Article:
The new role came with big buckets of new work, including office-wide calendar management, employee onboarding, and—wait for it—managing the snack room. To Katy and her team, snacks are not just snacks. They are a reflection of the care and consideration that each staff member deserves, and their variety mirrors the individual personalities and preferences of the Sprout team. “I became passionate about knowing each and every employee on a dietary level,” Katy explains. Some employees were on the Whole30 diet, others had allergies, religious, or health-related needs.
“When I first transitioned to the role, the snack room had conventional office snacks like chips and granola bars. I sampled the landscape to make sure we have choices for everyone. When someone realizes that they are being seen and valued as a human—and that includes what they eat—something lights up in them.” From Flamin’ Hot Cheetos to hardboiled eggs, the snack room has everything and anything that an employee could want. To keep the snack room up to date, Katy relies on two helpers from Managed by Q. “They let me be three places at once!” she says, delighted.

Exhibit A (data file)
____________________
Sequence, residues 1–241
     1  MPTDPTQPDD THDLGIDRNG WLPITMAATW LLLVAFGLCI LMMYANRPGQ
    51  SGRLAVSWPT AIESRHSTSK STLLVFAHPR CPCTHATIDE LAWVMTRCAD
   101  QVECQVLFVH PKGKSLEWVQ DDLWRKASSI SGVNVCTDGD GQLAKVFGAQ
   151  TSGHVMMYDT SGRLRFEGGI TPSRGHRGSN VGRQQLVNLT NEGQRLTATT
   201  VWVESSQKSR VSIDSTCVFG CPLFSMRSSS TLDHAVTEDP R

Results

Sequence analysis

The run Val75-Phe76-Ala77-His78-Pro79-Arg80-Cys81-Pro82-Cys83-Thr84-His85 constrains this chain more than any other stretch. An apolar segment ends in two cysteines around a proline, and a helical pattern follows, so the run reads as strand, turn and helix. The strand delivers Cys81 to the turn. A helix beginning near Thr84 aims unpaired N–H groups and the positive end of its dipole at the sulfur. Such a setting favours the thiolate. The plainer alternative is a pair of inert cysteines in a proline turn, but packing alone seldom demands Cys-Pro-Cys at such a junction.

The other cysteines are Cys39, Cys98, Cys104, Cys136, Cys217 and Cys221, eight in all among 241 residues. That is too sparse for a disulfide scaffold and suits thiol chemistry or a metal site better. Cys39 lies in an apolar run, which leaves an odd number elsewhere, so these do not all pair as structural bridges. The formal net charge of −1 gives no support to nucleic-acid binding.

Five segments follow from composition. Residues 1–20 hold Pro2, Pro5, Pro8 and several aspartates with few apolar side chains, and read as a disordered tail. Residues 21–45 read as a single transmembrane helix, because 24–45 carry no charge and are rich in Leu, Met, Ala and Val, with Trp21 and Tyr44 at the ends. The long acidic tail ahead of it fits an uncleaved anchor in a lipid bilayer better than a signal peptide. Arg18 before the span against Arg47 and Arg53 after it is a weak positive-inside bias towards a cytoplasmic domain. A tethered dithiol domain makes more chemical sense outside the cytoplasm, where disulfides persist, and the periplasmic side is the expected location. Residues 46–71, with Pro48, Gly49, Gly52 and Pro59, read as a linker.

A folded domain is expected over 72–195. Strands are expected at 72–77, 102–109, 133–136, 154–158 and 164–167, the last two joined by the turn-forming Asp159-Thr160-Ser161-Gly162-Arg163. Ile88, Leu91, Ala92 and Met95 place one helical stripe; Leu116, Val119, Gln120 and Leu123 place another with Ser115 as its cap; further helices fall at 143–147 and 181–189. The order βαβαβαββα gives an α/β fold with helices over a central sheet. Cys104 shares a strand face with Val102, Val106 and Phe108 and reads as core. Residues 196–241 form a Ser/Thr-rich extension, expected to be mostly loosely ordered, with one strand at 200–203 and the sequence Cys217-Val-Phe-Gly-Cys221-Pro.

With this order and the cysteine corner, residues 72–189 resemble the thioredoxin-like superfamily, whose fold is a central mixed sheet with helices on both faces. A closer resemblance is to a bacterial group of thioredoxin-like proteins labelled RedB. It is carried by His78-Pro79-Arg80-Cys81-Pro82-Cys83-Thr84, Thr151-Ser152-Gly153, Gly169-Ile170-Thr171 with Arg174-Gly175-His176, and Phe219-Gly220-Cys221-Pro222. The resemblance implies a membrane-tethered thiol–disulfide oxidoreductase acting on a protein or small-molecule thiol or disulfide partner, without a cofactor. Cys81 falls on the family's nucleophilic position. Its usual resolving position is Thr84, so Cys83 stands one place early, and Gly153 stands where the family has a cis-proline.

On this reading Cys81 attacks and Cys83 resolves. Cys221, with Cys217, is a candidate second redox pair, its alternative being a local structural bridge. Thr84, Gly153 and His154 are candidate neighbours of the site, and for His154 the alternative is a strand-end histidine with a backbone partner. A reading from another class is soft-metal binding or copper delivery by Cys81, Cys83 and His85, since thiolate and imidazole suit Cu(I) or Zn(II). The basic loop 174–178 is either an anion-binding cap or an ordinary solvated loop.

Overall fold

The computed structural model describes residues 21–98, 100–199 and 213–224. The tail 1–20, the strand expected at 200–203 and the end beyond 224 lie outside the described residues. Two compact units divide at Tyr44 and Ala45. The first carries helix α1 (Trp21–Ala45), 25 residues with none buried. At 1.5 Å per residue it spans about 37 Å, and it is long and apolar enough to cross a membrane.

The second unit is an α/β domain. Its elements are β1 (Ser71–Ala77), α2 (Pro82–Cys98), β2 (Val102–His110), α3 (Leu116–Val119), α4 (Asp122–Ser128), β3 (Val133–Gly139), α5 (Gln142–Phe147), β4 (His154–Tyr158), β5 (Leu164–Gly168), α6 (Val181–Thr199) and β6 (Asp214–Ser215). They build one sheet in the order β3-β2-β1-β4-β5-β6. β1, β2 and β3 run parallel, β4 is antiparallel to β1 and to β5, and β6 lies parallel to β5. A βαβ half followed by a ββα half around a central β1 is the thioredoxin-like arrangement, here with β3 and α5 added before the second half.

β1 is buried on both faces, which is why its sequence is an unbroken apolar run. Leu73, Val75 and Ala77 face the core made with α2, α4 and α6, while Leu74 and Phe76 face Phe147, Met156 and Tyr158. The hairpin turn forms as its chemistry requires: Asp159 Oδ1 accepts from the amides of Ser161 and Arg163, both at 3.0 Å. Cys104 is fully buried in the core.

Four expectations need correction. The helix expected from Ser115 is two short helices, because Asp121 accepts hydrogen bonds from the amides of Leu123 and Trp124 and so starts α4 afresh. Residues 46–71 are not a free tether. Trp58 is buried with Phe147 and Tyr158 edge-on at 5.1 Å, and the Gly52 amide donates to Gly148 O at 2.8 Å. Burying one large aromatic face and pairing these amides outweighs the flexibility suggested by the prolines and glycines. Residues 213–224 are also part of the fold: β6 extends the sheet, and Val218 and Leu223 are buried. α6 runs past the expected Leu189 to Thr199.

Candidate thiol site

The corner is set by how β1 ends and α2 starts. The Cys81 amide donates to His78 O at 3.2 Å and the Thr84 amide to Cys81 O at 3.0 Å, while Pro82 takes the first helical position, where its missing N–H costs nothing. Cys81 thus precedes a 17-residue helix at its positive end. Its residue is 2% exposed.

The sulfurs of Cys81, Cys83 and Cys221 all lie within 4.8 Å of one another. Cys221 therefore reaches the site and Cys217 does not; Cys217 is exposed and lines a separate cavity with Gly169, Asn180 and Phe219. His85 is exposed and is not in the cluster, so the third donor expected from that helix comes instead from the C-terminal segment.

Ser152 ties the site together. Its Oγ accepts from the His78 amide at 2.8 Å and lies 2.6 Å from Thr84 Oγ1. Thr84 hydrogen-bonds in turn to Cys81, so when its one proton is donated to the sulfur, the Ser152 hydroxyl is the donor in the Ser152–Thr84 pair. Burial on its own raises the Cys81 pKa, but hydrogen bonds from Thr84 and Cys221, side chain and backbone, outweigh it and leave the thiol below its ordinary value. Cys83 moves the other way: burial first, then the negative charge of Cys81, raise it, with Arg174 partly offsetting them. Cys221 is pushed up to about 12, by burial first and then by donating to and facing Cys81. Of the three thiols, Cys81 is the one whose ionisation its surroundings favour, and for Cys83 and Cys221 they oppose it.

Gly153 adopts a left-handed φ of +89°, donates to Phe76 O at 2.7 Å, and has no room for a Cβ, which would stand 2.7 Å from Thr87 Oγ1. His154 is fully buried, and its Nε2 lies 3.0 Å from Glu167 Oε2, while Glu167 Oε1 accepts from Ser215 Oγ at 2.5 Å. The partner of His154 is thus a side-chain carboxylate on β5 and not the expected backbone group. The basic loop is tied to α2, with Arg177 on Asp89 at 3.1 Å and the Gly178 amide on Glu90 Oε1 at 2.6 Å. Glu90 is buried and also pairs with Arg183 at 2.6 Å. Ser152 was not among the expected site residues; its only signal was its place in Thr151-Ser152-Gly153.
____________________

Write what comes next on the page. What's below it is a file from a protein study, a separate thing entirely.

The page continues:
In December of 2016, Katy and the office operations team faced a massive challenge. They needed to move 240 people from the 10th floor to the 7th floor of their building in Chicago. The move needed to be flawless, because the following day was a company-wide “science fair” showcasing Hack Week projects in areas throughout their new space. The logistics were tremendous: 240 monitors, keyboards, and the mountains of personal detritus that stacks up in any office environment. Sprout partnered with Rent-a-crate, and Katy organized a system of “Move Mavens” to assist on the big day. Each Maven was responsible for twelve people, and they were chosen carefully, “Who are our cultural leaders? Who won’t be afraid to speak up if someone did it wrong?” It was December 22nd (“It was a memorable date!” Katy says) and they even had to account for employees already on vacation.
As if the logistics weren’t overwhelming enough, there was a twist: the new space was a secret. Staff had yet to see their new offices, and the moving team wanted to preserve the big reveal of the gorgeous new space. After leaving the office around midnight on the eve of the move, Katy was back at Sprout by 7am to organize a welcome committee. Cheering with giant green pompoms, the “counselors” helped arriving employees find their new desks. “I still get chills and butterflies when I think about it,” says Katy. “The energy was so high, and I got to watch everyone’s faces when they walked into the new space.”